Energy-efficient motors help reduce losses while increasing profits
May 17, 2013 by The Copper Development Association
By upgrading to a higher, more energy-efficient motor, facility managers can improve their equipment reliability, increase productivity and reduce downtime and repair costs.
Individuals involved in the specification, design, selection and installation of electrical motor systems adopt a motor management program, which examines a facility’s needs whether to replace an old worn-out motor or specify a new unit.
“The goal of a motor management plan is to take advantage of opportunities for energy savings and increased productivity using energy-efficient, reliable motors such as premium efficiency motors,” said Richard deFay, project manager for CDA’s Sustainable Energy Program. “This allows maintenance supervisors and facility managers to make easier replace-versus-repair decisions and see fewer motor failures in the field.”
Currently, there are three recognized efficiency classes for motors, with premium efficiency motors representing the most energy-efficient option. These motors recognize the strength, conductivity and sustainability of copper, which is not only beneficial for lowering energy costs but also improving equipment performance.
Working with government and industry-based motor experts, CDA has created a comprehensive three-part Motor Management Program. Part 1 involves creating a motor inventory and developing repair and replacement guidelines.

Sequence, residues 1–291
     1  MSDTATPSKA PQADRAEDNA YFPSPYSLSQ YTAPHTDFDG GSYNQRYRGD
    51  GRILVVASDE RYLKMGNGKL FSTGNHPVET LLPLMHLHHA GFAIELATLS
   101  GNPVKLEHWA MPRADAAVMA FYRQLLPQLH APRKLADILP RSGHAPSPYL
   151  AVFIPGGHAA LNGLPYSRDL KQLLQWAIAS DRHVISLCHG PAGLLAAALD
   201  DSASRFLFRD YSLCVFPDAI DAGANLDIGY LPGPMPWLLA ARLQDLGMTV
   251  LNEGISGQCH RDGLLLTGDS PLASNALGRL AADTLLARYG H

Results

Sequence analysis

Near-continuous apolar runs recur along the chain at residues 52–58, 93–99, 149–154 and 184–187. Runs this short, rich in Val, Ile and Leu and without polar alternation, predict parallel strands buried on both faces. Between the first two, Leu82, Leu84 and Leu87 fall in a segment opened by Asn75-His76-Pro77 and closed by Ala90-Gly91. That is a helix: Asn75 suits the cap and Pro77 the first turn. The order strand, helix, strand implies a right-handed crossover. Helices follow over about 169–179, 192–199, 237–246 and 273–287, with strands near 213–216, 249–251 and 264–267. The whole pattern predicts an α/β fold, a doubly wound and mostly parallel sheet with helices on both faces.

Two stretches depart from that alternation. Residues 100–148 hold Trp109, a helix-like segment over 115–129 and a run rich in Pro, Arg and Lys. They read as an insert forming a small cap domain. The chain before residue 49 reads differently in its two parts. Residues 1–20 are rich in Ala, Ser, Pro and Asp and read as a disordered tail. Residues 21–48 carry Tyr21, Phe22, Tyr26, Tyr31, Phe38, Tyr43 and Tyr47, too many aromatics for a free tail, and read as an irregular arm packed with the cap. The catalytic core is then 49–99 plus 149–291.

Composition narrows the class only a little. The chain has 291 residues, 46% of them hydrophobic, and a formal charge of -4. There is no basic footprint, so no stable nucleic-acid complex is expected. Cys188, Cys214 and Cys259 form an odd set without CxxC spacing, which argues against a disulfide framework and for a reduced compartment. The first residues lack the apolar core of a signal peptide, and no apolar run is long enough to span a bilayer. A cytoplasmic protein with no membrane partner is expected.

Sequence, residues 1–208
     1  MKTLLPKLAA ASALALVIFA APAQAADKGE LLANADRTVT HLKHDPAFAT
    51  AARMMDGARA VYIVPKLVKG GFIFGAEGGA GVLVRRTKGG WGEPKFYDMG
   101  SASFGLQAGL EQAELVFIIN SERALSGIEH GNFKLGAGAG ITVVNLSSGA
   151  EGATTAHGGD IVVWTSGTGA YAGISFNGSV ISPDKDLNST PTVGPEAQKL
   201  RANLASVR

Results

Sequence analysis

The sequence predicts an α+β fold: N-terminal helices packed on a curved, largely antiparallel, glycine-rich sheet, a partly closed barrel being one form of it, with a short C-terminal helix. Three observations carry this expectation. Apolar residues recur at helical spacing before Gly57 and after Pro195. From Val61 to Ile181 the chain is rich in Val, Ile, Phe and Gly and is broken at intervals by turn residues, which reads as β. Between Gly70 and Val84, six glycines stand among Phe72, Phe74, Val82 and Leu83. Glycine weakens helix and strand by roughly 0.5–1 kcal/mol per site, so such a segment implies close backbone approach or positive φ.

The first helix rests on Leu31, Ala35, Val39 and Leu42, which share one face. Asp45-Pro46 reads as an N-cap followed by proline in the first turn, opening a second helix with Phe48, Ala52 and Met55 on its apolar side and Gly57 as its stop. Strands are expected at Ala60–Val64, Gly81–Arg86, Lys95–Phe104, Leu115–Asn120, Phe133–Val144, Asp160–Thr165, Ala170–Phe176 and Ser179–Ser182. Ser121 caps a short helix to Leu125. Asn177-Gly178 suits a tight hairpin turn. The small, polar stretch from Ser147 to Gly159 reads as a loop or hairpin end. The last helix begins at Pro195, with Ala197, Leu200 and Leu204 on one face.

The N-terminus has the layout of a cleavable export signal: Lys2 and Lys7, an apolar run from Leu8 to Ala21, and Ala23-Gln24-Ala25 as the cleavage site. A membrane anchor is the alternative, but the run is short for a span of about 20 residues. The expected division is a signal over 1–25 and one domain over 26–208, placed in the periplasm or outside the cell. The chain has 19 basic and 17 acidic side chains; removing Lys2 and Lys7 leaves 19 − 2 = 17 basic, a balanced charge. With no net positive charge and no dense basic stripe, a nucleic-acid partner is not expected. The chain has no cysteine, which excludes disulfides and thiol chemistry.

One of the least cared-for and maintained industrial tools in the workplace today is the electric motor. When not properly administered, motors can cost businesses billions of dollars in wasted energy and operating costs annually.
However, facilities could reduce their losses and increase profits by instituting a motor management plan that is flexible and tailored to the size and complexity of their organization and its motor population.
CDA, in conjunction with the Washington State University (WSU) Energy Extension Office, offers hands-on training and assistance to companies, military and utilities to develop motor management plans.
“The object is to identify the energy-savings opportunities,” said Gilbert (Gil) McCoy, an energy systems engineer with WSU. “The motor management plan not only indicates savings in dollars but also gives the user a path that describes how those savings can be obtained.”
Once a plant’s motor inventory is collected, a company can use a free data management software application, such as MotorMaster+ which is available for free by the Department of Energy, to compare the cost of repairing the motor versus the cost of replacing it with a new unit.
The data can then be referenced for future needs, including identifying where motors can be sourced locally if replacement is required; scrapped or repaired and stored in inventory; or whether regular periodic maintenance is vital for reliability and efficiency.
“The key question from the start should be ‘do you repair a motor when it fails or replace it with a new Premium Efficiency model?'” asked deFay. “While the repair costs are typically lower than buying a new motor, you’ll pay for it later when a critical motor fails and the production line grinds to a halt.”
For more information about the Motor Management Best Practices series, visit www.copper.org.
The Copper Development Association is the information, education, market and technical development arm of the copper, brass and bronze industries in the USA. Learn more at our blog coppertalk.org. Follow us on Twitter at twitter.com/coppertalk.